I’m on a BerryBoot chip, not generic NOOBS built, and the Rasbian folks like to pretend BerryBoot doesn’t exist, so apparently did zero environmental checks before blasting the kernel into “where it ought to be” and that blew my chip… (not the hardware, just overwrote something in Berryboot Land).

    So now I’m configuring a second chip that is generic with my saved config files and build script… then I can more easily recover the backup image of my main chip and / or just repair the boot partition…

    It is at times like this I’m glad “my stuff” is on a USB drive, not attached and fine, and I have dd copy images of my chips (usually from the last big change or update).

    Since the OS chip is disjoint from the user space, at worst I just reinstall the system, run my build script, put back the saved config files, and discover what, if anything, interesting I added to the system since then (generally in a posting)… About 4 hours.

    I’ll likely spend more than that doing discovery on what was busted on the first chip and sucking out the intact partitions, if any. (Should be almost all of them… the kernel replace ought to have only hit the boot partion and not the partion table…)

    BTW, per Arch: I’m almost a NOOB on it, having never used it prior to the posting where I evaluated it, so any pointers to where those guys hide there tips highly appreciated!

    Well, at least folks know what I’m doing today ;-)

    (Happy to run out ahead and find the sinkholes… well, sort of happy…)

  6. Larry Ledwick says:

    Well I certainly appreciate you running ahead of us through the mine field, and watching over your shoulder through your posts.

    I am currently waiting on some bits and pieces for my RPi’s, I am going to try to see if a slightly different form of off system storage works. I am ordering a spare USB SD card reader to plug into the Pi and make use of some older fast SD cards I bought for my cameras as off system solid state drives.
    I got the 3A 5V power modules so will see if they can support the power draw of the RPi and the external SD reader. Some of those larger fast SD chips intended for things like cameras might make for compact low power external storage if it works without needing another power wart to power them or an external USB docking station for a spinning disk or true SSD disk.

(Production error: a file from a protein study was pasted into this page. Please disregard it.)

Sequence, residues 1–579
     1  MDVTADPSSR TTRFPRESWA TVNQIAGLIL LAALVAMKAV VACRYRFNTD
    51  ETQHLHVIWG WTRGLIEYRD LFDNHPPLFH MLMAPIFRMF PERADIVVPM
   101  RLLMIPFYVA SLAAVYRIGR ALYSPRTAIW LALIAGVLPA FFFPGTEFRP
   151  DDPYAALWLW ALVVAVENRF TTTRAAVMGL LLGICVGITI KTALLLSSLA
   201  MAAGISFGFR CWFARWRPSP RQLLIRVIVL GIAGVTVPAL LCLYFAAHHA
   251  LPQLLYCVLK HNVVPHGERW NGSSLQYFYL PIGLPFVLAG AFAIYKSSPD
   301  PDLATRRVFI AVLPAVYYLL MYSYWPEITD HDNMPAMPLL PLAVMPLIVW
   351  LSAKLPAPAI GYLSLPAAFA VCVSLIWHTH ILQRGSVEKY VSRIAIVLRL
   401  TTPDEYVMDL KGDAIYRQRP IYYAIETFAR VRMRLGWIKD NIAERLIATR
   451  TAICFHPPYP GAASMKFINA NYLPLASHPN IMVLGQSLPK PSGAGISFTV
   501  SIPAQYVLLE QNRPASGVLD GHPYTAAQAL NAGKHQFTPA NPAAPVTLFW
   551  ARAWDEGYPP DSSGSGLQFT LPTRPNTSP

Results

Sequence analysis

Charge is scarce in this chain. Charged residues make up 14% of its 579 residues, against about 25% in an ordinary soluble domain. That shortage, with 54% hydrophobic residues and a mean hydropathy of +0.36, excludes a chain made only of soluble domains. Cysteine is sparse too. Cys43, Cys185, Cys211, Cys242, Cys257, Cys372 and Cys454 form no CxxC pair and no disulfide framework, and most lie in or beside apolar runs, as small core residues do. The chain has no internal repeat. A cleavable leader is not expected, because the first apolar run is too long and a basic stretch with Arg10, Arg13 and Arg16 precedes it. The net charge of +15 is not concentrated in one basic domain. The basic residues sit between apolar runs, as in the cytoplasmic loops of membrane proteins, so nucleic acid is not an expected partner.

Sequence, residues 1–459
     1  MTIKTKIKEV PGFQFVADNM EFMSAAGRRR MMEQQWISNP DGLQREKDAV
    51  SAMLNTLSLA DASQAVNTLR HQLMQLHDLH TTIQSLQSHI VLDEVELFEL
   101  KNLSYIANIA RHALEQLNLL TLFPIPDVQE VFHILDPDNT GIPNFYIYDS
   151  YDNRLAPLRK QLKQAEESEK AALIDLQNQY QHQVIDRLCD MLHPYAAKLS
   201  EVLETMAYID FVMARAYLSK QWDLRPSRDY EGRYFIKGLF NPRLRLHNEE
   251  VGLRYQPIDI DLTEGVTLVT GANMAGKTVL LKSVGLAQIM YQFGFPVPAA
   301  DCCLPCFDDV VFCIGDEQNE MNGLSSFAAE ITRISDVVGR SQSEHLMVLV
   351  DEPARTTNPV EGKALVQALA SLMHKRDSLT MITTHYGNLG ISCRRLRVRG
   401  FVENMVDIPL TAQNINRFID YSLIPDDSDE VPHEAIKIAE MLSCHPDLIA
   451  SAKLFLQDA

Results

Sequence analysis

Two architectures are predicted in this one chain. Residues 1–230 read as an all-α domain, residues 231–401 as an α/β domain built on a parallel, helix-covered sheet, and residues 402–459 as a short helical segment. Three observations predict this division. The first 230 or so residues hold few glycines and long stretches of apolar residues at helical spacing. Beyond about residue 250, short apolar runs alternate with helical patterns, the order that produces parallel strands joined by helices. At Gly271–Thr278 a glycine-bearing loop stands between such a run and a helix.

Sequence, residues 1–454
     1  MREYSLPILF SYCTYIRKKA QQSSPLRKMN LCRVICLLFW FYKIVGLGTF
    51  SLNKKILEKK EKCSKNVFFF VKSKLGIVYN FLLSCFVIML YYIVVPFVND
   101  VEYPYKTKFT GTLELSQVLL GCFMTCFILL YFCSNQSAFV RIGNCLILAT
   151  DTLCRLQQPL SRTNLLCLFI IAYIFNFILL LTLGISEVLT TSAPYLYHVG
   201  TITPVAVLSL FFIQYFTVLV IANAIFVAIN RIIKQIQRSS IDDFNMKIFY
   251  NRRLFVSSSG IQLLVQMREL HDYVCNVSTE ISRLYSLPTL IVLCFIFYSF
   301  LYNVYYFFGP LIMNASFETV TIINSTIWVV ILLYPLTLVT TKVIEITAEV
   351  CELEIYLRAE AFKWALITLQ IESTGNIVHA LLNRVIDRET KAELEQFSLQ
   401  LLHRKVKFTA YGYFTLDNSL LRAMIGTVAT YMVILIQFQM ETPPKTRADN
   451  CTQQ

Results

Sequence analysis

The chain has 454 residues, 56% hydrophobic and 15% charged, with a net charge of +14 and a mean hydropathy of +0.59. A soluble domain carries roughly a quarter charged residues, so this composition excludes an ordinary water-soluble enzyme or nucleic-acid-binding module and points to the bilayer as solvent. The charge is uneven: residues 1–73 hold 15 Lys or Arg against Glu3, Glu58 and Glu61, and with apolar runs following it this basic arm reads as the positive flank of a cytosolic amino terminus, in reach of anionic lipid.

These fast Sandisk SD extreme pro cards work great in the cameras and have good data rates at 95 m/s, come in sizes from 16 gig to 128-256 gig, and I have a few of the smaller ones on hand which now have been replaced by the larger sizes in the camera.


    Since the card reader device can read multiple types of cards including compact flash which is faster yet, being available with data rates up to 160 m/sec, it might work out for a small package size off system storage that you could buy new chips for almost anywhere in the country.
    Since the reader can handle just about any card form factor from the micro’s to the full size compact flash you could use just about anything you could find in the stores if you needed more storage, and memory cards for personal devices, cameras etc. are sold just about everywhere in the major chain stores and even road side shops in tourist areas.

  7. pg sharrow says:

    @Larry; glad to hear you are pursuing this avenue of storage. I was wondering about using my reader in a Pi as well. I will also be hanging over the neighbor’s fence as he plows his field. ;-)…pg

  8. tom0mason says:

    BTW, per Arch: I’m almost a NOOB on it, having never used it prior to the posting where I evaluated it, so any pointers to where those guys hide there tips highly appreciated!

    No problem with that. I’m a NOOB on Arch too! Just testing Arch via Manjaro on my old IBM T60, as it is a 32 bit distro. I’m not up to speed with it, it all feels so alien — Pacman and systemd to struggle with. Can’t say I’m a fan of either.
    If I can’t settle soon I’ll be going back to looking at BSD again, GhostBSD just updated their 32bit distro, and seems to be well supported.